Now let me take a step back from the details of grades. I think the choice between staying with grades or switching to pass/fail is an opportunity to talk about perspective in the face of a crisis. Yes, excellence matters. Job opportunities matter, of course. Please do not take these observations as condescension from a place of privilege, but an observation about the world.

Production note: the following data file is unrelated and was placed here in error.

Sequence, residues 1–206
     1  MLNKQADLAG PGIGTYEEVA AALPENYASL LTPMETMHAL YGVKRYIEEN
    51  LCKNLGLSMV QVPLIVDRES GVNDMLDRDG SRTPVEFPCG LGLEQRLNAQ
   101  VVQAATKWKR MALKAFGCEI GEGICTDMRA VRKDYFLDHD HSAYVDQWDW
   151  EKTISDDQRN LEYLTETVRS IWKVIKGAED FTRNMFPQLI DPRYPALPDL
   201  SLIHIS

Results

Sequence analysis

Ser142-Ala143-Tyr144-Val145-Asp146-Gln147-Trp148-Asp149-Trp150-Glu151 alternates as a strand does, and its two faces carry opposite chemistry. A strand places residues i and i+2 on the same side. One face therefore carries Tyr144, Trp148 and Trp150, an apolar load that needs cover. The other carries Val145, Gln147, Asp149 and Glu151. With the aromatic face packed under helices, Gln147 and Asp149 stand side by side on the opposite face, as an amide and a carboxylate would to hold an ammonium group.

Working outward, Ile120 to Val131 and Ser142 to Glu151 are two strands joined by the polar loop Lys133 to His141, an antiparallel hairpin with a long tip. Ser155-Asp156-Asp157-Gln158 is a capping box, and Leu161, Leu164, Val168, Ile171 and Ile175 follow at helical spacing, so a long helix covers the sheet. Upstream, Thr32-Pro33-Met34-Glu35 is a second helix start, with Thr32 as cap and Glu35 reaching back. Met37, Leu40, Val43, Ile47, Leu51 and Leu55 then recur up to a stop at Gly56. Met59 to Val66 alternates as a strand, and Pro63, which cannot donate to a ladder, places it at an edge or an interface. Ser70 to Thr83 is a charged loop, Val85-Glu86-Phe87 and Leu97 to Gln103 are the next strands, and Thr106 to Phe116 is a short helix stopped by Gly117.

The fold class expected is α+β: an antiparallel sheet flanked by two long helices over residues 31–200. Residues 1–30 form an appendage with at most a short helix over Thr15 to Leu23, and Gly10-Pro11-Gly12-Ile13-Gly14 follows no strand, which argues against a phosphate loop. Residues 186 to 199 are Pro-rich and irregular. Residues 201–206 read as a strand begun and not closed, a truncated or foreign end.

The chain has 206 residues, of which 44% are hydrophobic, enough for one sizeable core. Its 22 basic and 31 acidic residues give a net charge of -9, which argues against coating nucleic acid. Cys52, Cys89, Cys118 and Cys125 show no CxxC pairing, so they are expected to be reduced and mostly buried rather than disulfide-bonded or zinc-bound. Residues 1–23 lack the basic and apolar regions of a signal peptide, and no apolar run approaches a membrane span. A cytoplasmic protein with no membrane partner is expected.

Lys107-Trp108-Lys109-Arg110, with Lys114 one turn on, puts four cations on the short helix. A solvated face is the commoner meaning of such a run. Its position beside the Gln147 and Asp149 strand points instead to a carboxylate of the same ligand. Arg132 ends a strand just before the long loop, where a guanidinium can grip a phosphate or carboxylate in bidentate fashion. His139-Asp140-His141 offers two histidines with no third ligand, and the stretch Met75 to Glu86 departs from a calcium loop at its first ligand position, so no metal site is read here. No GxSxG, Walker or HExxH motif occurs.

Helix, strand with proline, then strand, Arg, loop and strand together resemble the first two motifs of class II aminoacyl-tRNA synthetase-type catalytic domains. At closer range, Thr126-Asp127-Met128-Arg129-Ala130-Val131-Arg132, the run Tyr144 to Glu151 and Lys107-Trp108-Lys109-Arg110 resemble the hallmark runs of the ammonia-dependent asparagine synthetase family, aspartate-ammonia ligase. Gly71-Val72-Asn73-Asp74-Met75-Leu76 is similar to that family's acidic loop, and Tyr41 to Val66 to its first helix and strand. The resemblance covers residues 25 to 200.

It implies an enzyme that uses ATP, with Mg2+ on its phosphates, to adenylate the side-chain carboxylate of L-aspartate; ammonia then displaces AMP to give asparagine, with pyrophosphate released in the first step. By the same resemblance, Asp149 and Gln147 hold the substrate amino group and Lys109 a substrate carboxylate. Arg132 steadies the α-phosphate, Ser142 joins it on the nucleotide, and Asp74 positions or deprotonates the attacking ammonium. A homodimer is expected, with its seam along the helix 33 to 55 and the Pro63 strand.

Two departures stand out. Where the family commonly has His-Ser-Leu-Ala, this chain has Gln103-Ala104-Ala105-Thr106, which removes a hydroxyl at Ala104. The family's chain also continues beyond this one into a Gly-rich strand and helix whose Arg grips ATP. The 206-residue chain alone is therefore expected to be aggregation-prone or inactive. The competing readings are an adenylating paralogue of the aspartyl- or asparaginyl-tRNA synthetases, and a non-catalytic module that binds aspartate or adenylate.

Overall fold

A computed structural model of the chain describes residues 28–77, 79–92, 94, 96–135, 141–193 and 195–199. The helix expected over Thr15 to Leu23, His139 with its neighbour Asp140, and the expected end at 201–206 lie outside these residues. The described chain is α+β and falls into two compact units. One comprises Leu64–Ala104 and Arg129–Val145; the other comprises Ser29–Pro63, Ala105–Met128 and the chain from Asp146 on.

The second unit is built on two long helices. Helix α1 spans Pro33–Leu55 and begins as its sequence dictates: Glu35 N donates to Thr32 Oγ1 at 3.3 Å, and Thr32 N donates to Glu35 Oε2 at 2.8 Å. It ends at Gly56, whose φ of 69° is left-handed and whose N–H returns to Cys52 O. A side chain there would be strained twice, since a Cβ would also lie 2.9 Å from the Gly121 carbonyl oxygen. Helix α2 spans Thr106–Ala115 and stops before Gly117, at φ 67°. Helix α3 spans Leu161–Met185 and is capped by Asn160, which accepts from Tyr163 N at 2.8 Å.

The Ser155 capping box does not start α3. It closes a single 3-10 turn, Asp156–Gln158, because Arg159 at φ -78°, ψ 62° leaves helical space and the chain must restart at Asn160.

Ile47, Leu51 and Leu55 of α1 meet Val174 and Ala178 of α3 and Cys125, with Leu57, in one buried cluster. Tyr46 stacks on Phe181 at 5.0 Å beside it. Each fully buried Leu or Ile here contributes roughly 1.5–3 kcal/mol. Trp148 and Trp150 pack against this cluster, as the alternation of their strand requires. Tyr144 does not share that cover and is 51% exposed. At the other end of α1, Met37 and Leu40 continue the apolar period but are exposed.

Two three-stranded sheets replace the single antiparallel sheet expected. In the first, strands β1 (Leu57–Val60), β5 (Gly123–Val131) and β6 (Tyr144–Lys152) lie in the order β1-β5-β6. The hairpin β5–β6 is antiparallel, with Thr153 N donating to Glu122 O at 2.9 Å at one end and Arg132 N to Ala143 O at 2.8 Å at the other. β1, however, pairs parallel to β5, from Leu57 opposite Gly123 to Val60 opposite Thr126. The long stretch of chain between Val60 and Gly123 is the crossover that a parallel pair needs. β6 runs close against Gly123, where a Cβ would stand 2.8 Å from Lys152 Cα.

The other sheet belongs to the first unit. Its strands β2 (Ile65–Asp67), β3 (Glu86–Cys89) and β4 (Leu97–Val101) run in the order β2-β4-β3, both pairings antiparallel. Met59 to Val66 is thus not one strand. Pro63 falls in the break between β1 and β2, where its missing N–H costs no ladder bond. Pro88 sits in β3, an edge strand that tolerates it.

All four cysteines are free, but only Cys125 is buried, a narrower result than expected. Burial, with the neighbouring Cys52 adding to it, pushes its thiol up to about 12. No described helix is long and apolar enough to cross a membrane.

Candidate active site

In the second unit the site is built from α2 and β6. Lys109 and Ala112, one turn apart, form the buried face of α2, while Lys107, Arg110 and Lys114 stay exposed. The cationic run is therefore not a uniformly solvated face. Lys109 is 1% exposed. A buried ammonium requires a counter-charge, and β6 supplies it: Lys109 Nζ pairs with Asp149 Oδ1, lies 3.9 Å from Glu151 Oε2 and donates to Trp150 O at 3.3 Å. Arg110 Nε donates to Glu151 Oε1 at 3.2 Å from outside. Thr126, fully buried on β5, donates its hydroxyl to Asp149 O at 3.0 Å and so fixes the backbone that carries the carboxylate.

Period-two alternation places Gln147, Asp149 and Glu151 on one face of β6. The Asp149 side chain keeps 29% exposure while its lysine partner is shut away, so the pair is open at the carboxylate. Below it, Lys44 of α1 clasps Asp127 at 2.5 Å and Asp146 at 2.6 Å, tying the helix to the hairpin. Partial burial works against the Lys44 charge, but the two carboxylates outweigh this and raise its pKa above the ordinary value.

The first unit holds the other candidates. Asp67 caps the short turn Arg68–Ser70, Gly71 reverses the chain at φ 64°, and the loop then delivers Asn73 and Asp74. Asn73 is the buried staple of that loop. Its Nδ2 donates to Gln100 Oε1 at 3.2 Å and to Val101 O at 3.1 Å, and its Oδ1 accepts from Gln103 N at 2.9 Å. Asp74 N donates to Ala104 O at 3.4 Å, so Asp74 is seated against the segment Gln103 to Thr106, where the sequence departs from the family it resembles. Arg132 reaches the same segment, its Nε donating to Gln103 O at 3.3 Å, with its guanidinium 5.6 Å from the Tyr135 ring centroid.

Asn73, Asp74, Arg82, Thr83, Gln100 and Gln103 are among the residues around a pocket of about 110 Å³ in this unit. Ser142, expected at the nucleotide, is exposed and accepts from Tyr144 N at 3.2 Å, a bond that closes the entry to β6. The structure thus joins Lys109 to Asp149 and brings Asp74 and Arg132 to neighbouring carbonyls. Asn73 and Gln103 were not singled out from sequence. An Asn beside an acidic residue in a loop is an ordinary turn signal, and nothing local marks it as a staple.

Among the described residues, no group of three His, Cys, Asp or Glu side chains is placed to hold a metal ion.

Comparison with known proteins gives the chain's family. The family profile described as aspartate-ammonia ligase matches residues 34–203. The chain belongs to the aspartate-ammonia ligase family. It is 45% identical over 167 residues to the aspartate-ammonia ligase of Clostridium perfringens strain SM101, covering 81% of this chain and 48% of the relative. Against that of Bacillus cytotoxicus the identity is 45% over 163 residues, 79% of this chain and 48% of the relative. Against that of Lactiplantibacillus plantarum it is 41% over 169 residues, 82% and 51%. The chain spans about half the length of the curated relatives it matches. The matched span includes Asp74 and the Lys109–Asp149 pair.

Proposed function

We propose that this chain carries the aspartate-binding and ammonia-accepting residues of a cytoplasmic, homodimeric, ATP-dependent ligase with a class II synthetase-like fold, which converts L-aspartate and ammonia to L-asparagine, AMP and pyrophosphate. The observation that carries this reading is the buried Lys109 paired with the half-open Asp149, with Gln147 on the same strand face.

Grades do not matter nearly as much as we think they do in the middle of a semester. When we are in the middle of law school, we tend to think grades will make or break us. But we have more choices than we imagine we do. We have more opportunities to define our own opportunities, to define success and failure for ourselves. Let me share that, as I talk to lawyers and my friends who are lawyers, from all kinds of backgrounds and now doing all kinds of work, we often comment to each other about how much we thought grades mattered when we were students, and how much less they mattered than we thought they did. I try to remind myself in these moments to have perspective about what matters most, and to be sensitive to those in our community who are struggling the most.